Sacnoth became Nautilus after the release of Shadow Hearts and went on to develop Shadow Hearts 2: Covenant and Shadow Hearts: From the New World. Nautilus were then sucked into Feelplus who co-developed with Mistwalker the marvellous, Lost Odyssey for Xbox 360. That was just for anyone who was looking for a bit of RPG trivia to impress their mates down the pub with.

Koudelka's story takes place entirely within the magical fantasy wonderland of...er...Aberystwyth, Wales, circa 1898 where by chance a young gypsy girl named Koudelka, man of the cloth, James O'Flaherty and thrill seeker, Edward Plunkett are thrown together to investigate some seriously dark goings on at the Nemeton Monastery.

You see, Patrick O'Flaherty (James' brother) thought it would be a cracking idea to use an ancient text, known as the Emigre Document (referred to later in the series as the Emigre Manuscript) to bring back his deceased wife, Elaine from the dead by murdering innocents at the monastery and feeding their fresh corpses into a cauldron. As you can imagine, this went horribly wrong and Elaine was revived without a soul as an uncontrollable monster.

Elaine, she'd make a great coffee table.

So the tone is set and reflected by the various grotesque enemies you encounter throughout the game. Ghosts, amalgamations of tortured souls manifested as huge, slimey, bug eyed critters and reanimated corpses with twisted bodies and flapping limbs all serve to add the haunted house theme Sacnoth so carefully created. It's somewhere between Resident Evil and Final Fantasy Tactics and as you wander through Koudelka's beautifully gothic pre-rendered environments you're almost annoyed to be pulled into one of many, repetitive random battles.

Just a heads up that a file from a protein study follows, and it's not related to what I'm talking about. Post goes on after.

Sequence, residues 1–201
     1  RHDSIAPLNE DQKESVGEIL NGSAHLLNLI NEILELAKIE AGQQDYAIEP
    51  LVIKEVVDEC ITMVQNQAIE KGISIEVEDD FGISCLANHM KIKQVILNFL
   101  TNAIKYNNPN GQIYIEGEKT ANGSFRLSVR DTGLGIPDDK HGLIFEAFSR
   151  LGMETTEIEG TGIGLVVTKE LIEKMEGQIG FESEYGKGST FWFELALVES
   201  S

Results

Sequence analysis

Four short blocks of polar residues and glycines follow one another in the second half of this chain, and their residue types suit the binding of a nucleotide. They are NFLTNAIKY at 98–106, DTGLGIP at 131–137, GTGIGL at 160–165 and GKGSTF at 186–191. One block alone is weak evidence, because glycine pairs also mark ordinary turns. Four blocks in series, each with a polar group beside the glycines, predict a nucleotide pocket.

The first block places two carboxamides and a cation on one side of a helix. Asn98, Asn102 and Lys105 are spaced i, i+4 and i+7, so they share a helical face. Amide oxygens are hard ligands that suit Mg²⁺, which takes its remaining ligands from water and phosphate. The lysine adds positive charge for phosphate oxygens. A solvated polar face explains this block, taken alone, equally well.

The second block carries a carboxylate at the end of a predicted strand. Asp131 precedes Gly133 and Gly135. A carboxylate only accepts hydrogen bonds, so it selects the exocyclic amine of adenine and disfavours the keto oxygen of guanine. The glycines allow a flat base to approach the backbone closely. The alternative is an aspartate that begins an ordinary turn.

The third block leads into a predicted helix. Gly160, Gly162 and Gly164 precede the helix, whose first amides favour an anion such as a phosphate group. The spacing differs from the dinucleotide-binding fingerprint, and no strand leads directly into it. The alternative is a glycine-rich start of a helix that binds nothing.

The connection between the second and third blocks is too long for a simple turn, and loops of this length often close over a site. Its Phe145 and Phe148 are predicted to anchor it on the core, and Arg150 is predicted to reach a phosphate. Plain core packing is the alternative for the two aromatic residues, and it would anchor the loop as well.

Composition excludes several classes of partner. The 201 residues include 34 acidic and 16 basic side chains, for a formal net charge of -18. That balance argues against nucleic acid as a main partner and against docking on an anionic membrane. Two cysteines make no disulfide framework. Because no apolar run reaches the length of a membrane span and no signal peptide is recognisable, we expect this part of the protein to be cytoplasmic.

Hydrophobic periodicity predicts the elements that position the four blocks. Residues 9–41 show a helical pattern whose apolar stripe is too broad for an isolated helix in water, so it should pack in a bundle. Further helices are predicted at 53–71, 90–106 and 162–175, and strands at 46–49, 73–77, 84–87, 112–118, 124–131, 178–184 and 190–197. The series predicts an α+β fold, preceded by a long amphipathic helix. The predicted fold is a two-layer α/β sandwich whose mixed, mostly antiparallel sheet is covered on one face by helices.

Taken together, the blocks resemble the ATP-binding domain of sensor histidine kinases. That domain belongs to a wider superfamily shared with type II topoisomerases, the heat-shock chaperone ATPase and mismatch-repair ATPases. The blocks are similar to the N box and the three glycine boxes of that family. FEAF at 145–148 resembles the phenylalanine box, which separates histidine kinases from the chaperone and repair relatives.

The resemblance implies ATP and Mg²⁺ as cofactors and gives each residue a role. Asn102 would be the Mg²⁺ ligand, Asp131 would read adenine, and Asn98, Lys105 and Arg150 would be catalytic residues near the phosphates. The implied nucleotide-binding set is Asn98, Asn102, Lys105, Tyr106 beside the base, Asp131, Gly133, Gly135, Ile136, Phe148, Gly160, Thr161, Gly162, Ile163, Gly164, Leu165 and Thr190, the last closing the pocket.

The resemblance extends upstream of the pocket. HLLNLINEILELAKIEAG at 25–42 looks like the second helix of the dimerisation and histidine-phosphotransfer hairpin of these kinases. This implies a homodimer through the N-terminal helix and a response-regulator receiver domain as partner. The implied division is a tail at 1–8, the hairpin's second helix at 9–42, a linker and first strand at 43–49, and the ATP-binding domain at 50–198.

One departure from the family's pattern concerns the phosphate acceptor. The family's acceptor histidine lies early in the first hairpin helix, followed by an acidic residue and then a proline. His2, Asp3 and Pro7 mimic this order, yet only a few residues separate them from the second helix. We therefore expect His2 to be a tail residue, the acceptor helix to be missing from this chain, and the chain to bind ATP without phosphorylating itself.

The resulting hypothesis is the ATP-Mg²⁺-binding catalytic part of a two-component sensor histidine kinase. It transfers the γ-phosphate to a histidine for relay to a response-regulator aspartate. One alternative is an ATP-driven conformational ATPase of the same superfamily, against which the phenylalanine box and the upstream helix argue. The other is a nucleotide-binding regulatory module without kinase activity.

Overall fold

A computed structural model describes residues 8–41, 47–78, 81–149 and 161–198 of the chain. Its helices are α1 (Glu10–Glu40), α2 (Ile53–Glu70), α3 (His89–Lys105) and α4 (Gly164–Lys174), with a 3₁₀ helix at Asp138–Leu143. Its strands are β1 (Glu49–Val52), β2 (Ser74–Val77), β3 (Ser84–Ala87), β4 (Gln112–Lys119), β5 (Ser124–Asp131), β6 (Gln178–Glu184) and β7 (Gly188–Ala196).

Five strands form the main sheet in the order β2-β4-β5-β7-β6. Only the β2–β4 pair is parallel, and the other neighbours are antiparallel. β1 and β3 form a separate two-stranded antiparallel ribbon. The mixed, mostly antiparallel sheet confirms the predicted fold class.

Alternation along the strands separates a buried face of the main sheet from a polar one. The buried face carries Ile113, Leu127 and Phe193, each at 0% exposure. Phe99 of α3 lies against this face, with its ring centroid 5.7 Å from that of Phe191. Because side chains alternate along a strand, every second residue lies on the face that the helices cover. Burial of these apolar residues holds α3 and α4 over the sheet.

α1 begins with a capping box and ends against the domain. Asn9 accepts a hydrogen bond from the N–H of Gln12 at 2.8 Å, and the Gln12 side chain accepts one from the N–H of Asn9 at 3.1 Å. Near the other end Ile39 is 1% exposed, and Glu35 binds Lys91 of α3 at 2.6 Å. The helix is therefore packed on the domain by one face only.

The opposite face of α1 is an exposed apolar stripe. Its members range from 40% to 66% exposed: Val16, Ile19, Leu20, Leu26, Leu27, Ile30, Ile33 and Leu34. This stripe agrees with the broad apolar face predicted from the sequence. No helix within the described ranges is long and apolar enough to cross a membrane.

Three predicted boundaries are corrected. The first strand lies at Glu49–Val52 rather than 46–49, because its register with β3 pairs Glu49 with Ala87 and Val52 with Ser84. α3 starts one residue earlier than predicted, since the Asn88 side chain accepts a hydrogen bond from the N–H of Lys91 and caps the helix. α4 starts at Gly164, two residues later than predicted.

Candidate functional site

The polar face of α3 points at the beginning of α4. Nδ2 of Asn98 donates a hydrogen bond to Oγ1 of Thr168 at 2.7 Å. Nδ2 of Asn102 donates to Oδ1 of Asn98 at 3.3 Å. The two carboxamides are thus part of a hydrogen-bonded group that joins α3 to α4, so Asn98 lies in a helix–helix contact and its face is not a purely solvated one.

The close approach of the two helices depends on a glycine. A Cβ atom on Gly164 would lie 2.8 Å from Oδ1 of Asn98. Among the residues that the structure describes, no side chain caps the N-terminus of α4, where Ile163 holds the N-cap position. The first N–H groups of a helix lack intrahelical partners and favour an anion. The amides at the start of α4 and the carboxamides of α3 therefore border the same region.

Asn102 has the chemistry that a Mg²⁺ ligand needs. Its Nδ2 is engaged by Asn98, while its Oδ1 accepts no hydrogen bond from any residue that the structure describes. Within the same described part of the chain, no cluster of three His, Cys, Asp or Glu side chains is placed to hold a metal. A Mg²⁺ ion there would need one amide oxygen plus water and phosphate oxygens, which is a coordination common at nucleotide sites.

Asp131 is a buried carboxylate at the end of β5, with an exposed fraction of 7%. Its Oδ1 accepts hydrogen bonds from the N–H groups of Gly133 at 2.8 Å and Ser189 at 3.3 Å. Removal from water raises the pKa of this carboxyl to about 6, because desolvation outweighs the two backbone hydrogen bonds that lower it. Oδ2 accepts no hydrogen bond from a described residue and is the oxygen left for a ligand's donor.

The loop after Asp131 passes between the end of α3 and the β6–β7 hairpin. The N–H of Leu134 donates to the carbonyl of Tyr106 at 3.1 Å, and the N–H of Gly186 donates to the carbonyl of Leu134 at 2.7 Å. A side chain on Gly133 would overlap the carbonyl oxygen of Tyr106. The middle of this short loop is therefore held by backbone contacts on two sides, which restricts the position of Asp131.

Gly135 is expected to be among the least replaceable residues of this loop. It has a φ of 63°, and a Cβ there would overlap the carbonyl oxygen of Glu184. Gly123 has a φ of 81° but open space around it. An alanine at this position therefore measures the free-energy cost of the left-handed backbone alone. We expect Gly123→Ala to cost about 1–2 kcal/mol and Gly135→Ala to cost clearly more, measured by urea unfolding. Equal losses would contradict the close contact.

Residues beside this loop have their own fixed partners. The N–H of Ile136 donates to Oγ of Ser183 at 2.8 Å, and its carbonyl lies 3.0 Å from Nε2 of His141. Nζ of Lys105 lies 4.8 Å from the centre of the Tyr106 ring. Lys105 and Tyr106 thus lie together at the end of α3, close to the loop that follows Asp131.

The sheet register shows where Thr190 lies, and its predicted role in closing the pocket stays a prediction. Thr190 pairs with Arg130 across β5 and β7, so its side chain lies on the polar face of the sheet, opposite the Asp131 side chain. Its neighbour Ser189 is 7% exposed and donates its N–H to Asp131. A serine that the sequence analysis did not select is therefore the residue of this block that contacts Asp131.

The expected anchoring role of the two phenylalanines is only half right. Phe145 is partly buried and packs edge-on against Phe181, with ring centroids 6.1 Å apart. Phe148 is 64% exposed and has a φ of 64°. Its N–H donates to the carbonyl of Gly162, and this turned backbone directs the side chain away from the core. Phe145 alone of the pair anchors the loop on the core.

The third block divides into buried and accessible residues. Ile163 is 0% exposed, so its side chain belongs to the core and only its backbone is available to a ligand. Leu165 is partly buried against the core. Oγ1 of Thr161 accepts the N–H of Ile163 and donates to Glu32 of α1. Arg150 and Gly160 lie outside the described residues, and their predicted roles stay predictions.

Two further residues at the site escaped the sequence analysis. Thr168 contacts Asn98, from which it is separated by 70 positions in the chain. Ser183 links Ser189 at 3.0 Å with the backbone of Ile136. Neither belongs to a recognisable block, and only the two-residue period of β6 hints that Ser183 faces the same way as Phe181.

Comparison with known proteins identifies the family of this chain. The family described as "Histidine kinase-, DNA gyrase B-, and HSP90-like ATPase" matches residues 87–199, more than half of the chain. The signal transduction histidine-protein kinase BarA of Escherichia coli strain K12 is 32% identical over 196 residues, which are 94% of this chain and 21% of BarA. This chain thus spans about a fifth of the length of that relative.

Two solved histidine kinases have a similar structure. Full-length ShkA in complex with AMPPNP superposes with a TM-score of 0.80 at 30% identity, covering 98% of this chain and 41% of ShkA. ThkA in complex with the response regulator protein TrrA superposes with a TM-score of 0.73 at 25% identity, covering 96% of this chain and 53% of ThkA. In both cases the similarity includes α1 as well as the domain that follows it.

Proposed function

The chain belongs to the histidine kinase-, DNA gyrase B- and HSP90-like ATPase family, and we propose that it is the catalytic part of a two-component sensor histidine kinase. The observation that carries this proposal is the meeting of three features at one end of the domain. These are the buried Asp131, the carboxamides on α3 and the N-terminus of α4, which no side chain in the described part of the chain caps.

Big, man-eating plants are also scary.

The combat system itself isn't amazing. Played out on an isometric grid, it's a cross between classic SRPG style combat and good old turn-based battling though unfortunately lacks the finesse of the respective system's best offerings. Encounters can be long and tedious with boss battles in particular frustrating if you're defeated. However, this is almost completely excusable as the story is so compelling with twists and turns around every corner that you will grind through with gritted teeth reloading again and again to get to the next beautifully produced cut-scene. Here's an example:

You won't have to wait long to unlock this cut-scene. It's the intro.

Spanning a massive four discs (it was massive at the time ok?), Koudelka should be praised emphatically for its wonderful CG, its strangely competent voice-acting and its alternative styled soundtrack which successfully mixes chilled out pan-flutes and tribal rhythms with dark overtures and orchestral depth to help create a perpetual atmosphere of foreboding. Ultimately, these aspects are what will keep you ploughing through the competent, yet uninspiring battle system. Be warned though, there are two endings, one is not satisfying for the investment in time you will pour into Koudelka so it's definitely worth consulting a guide to ensure you don't miss the one or two secrets which will grant you the better ending. While I strongly believe Koudelka is a genre contrasting RPG with many good points, only the most ardent fans would play through a second time to unlock the better finale.